The statement, allegedly coming from Jordanian-born Abu Musab al-Zarqawi's group al-Qaida in Iraq, was posted on the internet but could not be verified.

It read: "The group charged with planning, preparing and implementing was made up of three men: commanders Abu Khabib, Abu Muaz and Abu Omaira. Their fourth was the venerable sister Om Omaira."

The Jordanian authorities say they have found the remains of three bombers and are piecing the bodies together for identification purposes and taking DNA samples.

Mourning prayers

The claim came as mosques across Jordan were holding mourning prayers on Friday for the victims of the attacks.

UN Secretary-General Kofi Annan arrived in the capital, Amman, as the Jordanian authorities continued to investigate Wednesday night's blasts that killed at least 57 people, including 12 foreigners, and wounded more than 100.

Candlelit vigils were held at the hotels, the Grand Hyatt, Radisson SAS and Days Inn, while a clear up operation continued.

Meanwhile Iraq's Oil Ministry revealed that three of its experts had died in the blasts and a fourth had been wounded. The experts were used to travelling to Amman as many foreign contractors refuse to visit Iraq for security reasons.

 

Arrests

Police said they had arrested at least 120 people, mainly Iraqis and Jordanians, in a nationwide manhunt.

The four Palestinian officials with
the national flag draped over

A senior police official had no details on the possible role of any of those detained. "Scores have been rounded up in different parts of the country since the attacks," he said. "Many may simply be innocent."

There has been intense speculation in Jordan that Iraqi fighters were behind the attacks. Al-Zarqawi is said to have trained a special corps of at least 100 Iraqi bombers to conduct attacks inside, and possibly outside, Iraq.

 

At least one of the three bombers spoke to people inside the lobby of the Hyatt Hotel with an Iraqi accent before blowing himself up.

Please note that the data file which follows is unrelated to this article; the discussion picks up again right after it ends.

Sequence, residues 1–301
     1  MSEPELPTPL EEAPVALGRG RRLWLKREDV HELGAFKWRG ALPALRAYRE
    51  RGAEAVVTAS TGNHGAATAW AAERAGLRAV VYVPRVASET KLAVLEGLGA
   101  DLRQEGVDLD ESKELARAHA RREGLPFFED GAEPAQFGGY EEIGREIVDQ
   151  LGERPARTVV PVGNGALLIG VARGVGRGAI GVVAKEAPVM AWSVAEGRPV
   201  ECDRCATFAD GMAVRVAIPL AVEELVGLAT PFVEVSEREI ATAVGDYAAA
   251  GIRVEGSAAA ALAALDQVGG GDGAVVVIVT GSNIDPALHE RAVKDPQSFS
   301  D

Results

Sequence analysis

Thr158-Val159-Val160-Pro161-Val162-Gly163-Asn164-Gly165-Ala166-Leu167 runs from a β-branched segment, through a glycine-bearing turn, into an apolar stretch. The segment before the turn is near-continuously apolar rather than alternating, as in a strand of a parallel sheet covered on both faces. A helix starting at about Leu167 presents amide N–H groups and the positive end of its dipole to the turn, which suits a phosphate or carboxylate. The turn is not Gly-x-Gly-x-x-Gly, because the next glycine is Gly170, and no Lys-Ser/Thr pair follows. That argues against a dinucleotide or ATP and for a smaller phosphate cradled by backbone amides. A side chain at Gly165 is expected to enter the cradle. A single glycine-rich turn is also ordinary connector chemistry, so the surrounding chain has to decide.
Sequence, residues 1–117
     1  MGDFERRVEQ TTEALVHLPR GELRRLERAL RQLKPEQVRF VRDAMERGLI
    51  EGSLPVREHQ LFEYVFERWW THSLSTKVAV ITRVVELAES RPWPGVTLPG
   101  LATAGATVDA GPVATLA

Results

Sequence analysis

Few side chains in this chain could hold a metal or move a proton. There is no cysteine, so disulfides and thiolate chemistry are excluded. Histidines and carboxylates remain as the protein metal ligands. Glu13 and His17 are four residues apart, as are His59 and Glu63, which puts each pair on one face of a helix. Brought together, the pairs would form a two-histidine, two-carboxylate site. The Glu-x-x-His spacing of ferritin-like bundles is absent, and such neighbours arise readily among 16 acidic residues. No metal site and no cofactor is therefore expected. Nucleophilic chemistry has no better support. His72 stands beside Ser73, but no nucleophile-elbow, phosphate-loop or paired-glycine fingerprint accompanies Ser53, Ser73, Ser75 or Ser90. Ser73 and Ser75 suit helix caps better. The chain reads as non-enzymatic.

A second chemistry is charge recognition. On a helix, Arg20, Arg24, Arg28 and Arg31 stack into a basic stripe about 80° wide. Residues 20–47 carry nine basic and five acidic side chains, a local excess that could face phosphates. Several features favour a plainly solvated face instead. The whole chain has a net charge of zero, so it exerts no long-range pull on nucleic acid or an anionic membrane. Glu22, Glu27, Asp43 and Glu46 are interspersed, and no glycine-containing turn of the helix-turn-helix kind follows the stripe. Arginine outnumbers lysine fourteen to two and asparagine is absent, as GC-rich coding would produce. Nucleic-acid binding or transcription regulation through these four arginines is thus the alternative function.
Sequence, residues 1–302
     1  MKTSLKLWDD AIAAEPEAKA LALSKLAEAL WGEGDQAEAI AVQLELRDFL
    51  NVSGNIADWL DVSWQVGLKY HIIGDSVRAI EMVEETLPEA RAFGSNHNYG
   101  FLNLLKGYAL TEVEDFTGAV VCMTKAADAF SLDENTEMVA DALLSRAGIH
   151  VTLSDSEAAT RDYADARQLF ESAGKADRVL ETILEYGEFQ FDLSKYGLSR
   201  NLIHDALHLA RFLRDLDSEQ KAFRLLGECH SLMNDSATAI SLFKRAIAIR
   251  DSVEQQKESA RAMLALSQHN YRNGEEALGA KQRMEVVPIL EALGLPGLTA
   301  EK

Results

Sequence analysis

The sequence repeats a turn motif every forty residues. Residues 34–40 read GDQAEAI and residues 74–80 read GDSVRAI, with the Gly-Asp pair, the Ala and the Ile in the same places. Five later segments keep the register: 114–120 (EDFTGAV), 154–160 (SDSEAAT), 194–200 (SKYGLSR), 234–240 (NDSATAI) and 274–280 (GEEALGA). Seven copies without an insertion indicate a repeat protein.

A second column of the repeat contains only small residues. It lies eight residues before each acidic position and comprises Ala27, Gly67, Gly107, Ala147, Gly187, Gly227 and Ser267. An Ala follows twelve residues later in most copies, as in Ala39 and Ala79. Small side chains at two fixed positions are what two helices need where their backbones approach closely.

Death toll

 

In figures released on Friday, Jordanian officials said the dead included 38 Jordanians, many of Palestinian descent; four Iraqis; an Israeli-Arab; four Palestinians; three Chinese; a Qatari and one Lebanese. Several bodies have not yet been identified.

 

The US embassy said late on Thursday that two Americans had died in the attacks and four had been wounded. It was not immediately clear if that number included the filmmaker Mustapha Akkad and his daughter Rima.

Jordan's King Abdullah II had promised to hunt down those behind the triple hotel bombings, claimed by Jordan-born Abu Musab al-Zarqawi's branch of al-Qaida, saying he will not allow the country's policies to be dictated by terrorists.

"We will pursue those criminals and those who are behind them and we will reach them wherever they are," he said in a televised address to the nation on Thursday.

"We will pull them from their holes and bring them to justice," the king said, without mentioning specific measures.

The bodies of one of the
Palestinians is handed to the PA

Aljazeera reported that a convoy carrying the bodies of four officials from the Palestinian Authority killed in the explosions arrived in Ram Allah on Friday.

The convoy passed a crossing in Rafah before heading to Ram Allah and was received by a number of Palestinian Authority officials.

Palestinian flags have been flown at half mast in mourning over the 27 Palestinians killed in the explosions including two senior security officials and the commercial attaché in the Palestinian embassy in Cairo.

In his address, the Jordanian monarch said Jordan was not afraid and would not be "blackmailed" by the bombers.

"We will confront these cowardly terrorist groups that have